The Biden Plan for Free Community College Has a Big Challenge

In Education On
- Updated

Coming up with a national policy for a college system that is decentralized is a lot tougher than it seems.

As part of the $1.8 trillion American Families Plan, the Biden administration plans to fund free community college, even as the administration steps back from a more ambitious campaign promise of making public four-year colleges tuition-free for most students.

The case for free tuition at public two-year colleges has become stronger during the pandemic. As the country recovers from the recession, unemployed workers without college credentials are having a much harder time finding jobs. Community colleges provide a diverse population of students with an affordable way to retool and take the first steps toward opportunity.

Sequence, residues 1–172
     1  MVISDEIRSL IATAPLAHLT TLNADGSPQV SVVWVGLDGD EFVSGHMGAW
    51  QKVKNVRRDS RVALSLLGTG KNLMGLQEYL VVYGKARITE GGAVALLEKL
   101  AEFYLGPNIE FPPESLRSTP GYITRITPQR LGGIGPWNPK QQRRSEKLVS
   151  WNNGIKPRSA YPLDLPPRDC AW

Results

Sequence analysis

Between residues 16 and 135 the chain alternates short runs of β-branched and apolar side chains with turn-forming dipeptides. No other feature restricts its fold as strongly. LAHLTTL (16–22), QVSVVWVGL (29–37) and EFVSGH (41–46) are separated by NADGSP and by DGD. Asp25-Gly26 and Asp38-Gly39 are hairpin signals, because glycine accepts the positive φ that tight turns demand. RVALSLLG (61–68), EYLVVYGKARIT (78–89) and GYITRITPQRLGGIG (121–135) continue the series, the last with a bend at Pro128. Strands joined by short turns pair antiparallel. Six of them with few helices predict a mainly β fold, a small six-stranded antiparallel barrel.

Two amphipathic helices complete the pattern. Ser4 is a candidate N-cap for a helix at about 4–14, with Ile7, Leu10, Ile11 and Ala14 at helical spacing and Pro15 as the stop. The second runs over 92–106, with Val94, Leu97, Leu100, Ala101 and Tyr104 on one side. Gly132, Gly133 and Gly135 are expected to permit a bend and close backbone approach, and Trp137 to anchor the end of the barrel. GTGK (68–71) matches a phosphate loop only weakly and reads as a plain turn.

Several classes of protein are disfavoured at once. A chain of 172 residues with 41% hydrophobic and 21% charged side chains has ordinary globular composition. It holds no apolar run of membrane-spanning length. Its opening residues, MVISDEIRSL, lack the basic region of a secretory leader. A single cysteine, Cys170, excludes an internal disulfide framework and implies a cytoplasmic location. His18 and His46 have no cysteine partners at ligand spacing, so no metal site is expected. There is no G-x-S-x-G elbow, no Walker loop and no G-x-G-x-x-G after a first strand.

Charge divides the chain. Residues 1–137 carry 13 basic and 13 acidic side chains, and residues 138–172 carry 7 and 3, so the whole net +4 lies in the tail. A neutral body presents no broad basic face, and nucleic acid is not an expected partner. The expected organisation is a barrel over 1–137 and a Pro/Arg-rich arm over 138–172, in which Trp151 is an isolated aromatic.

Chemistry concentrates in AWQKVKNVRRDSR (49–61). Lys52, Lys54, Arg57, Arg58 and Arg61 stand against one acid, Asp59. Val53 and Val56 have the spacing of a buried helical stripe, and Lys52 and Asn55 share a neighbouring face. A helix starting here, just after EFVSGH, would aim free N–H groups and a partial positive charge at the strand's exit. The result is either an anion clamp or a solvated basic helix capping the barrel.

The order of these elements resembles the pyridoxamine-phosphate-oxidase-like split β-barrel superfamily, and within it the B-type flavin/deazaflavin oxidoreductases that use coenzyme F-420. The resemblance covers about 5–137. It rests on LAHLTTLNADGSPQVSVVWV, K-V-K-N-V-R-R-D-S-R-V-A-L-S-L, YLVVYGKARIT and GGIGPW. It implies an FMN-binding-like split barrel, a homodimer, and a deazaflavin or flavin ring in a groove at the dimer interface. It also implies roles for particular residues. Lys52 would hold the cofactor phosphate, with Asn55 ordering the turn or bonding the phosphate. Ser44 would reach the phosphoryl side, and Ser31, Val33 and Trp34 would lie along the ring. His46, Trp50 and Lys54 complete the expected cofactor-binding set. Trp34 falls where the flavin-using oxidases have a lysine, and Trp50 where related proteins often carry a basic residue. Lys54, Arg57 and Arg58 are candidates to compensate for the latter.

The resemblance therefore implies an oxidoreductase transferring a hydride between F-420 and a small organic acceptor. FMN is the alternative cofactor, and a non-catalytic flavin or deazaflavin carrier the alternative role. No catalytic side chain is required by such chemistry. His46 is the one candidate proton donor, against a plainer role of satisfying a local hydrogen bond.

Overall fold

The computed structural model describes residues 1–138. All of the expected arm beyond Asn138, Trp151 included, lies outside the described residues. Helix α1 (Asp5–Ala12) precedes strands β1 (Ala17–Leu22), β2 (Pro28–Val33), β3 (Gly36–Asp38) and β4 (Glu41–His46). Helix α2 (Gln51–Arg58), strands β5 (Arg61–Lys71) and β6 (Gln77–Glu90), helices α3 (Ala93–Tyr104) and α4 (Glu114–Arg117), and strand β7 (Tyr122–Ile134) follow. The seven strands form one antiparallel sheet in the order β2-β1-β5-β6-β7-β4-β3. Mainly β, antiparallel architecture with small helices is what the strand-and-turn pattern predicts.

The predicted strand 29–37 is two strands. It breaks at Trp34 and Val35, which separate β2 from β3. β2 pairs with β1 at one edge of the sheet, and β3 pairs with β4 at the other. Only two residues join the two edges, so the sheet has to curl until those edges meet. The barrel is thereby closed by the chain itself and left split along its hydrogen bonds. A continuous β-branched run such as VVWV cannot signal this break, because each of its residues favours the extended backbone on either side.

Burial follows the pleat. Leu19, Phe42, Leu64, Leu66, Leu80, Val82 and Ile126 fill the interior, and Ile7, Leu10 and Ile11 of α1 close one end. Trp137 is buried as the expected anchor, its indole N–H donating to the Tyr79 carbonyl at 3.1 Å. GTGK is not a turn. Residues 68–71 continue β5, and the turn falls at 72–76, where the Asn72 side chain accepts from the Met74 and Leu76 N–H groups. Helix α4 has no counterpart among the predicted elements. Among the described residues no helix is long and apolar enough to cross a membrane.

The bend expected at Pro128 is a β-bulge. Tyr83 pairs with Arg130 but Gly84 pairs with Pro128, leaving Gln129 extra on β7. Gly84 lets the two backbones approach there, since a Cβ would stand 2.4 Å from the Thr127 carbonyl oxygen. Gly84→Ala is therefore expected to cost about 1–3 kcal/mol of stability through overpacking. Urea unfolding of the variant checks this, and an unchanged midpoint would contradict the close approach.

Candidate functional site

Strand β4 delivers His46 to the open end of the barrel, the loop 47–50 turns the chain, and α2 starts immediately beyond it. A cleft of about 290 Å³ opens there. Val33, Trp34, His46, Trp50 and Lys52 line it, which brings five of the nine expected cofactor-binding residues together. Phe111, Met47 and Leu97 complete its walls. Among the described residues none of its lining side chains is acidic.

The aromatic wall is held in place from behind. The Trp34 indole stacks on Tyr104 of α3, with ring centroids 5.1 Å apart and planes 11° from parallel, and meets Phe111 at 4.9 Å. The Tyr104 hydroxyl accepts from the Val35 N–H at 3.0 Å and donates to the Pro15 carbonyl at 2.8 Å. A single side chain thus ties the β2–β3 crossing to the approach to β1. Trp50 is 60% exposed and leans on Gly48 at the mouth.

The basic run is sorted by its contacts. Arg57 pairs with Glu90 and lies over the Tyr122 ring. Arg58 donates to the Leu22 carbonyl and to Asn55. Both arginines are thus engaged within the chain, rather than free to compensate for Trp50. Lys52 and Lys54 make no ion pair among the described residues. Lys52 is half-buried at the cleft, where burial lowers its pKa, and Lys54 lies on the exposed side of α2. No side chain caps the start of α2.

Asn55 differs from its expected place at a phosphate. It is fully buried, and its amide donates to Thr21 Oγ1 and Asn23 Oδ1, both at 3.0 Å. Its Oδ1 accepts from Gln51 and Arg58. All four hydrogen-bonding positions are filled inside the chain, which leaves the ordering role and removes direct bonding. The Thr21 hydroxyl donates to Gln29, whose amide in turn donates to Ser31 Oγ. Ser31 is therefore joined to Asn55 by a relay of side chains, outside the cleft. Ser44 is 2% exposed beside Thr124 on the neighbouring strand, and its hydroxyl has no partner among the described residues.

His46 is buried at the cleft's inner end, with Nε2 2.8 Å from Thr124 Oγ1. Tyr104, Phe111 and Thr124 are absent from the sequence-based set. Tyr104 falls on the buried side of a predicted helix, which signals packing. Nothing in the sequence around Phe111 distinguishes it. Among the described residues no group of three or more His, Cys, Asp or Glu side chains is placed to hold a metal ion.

The plan that President Biden is expected to detail on Wednesday in an address to Congress would spend $109 billion over 10 years to make community college tuition-free. It would also increase the maximum Pell grant — a voucher that low- and moderate-income students use to pay for tuition, fees, books, room and board — by $1,400, on top of a $400 increase in the administration’s proposed 2022 budget.

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